“For age is opportunity no less Than youth itself,
though in another dress,
And as the evening twilight fades away
The sky is filled with stars, invisible by day."
Henry Wadsworth Longfellow
Population ageing is a demographic process which affects the entire continent. The aging of the population happens in all regions and countries at different levels of extension with a faster progress in developing countries. Therefore we can consider ageing as a triumph of development as nowadays people live longer because of better nourishment, health care, education, advanced medicine, and economic well-being.
Not only are the South Eastern countries connected by the legacy of breaking the communist regime, but they also have a lack of a comprehensive national strategy on ageing owing to political uncertainties, lack of public consensus, and financial instability. The notion of active ageing is rather associated with the term “accelerated ageing,” which relates to an individual living a life under hard living conditions or a society facing rapid increases in the relative number of older people, and consequently carrying a negative connotation -such as older people being a burden in the society.
In fact, active ageing is seen as a process of optimizing opportunities for energetic participation in society’s life in order to increase quality of life as people age. It helps people achieve their potential for physical, social, and mental welfare all through their life course. Being “active” refers not only to be physically active or to participate in the labour force but also to continuous participation in social, economic, cultural, spiritual and civic affairs. Active ageing targets to an extended healthy life expectancy and quality of life for people as they age. It should take place within the context of friends, associations involved in seniors’ life, neighbours and family members. This is why interdependence along with intergenerational solidarity are important values of active ageing.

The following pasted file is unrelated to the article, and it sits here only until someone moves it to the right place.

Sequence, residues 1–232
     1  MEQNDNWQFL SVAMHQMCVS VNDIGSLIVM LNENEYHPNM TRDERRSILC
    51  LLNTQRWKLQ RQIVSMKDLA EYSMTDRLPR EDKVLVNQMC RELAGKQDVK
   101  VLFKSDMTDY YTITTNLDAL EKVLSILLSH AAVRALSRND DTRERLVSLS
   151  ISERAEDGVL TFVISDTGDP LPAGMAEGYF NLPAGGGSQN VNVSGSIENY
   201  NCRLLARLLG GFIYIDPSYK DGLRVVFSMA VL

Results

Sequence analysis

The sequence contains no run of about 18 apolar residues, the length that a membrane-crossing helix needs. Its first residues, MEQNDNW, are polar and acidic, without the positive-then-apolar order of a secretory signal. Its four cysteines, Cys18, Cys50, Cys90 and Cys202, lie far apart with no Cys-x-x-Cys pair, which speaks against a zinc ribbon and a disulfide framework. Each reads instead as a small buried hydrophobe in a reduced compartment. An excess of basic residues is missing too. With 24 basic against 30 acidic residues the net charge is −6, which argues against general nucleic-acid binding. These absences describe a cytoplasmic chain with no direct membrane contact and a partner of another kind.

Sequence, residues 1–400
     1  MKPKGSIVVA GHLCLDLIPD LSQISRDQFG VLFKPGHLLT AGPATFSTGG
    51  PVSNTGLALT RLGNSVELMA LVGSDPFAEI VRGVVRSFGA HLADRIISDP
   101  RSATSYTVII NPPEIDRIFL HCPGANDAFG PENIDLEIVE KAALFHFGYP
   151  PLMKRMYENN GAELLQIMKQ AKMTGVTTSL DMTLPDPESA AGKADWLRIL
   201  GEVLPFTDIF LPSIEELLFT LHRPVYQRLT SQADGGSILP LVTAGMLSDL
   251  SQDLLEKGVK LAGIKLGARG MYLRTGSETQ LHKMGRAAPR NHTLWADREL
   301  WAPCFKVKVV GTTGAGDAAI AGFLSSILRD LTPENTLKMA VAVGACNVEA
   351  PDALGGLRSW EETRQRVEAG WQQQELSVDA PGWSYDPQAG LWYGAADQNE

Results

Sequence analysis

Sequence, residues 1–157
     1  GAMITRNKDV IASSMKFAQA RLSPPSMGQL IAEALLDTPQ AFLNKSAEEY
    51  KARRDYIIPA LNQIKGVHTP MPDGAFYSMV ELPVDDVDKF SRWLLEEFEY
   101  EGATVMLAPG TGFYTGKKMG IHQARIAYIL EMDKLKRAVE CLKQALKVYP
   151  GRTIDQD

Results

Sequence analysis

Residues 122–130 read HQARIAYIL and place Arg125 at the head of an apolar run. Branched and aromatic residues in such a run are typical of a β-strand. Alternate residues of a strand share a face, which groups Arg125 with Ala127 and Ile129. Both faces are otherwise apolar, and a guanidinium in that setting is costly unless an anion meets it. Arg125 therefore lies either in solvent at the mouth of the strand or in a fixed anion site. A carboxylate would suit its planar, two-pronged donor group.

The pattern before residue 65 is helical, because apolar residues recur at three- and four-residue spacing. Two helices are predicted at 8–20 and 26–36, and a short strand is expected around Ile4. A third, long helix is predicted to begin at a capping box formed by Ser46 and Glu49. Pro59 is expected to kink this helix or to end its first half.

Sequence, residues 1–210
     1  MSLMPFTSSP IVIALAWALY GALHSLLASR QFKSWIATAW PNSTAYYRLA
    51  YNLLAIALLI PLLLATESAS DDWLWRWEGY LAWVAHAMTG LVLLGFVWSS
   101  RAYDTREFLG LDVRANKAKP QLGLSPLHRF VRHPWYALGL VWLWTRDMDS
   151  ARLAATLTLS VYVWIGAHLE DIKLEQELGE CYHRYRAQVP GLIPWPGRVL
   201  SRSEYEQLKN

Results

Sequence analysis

Active ageing offers tomorrow' seniors the opportunity to:
- have an active role in society;
- share their experience;
- live a healthy and rewarding life.
Moreover, we can state that active ageing is important for both seniors and other groups of a society as it can provide a significant part of the human capital of our community. There are many strengths which can be brought by older people as participants in the society, and we can indicate only a few of such strong points: rich experience, maturity in thinking and decision-making, in-depth expertise in a variety of professions and several skills which, if not taken good care of, are about to be lost although they represent important parts of our cultural heritage.
Unfortunately, at a general cultural level and in the public policies addressing the cultural sector, seniors occupy a relatively humble place as compared to other groups of our society. Therefore, developing cultural, artistic and educational activities for seniors becomes central in this perspective.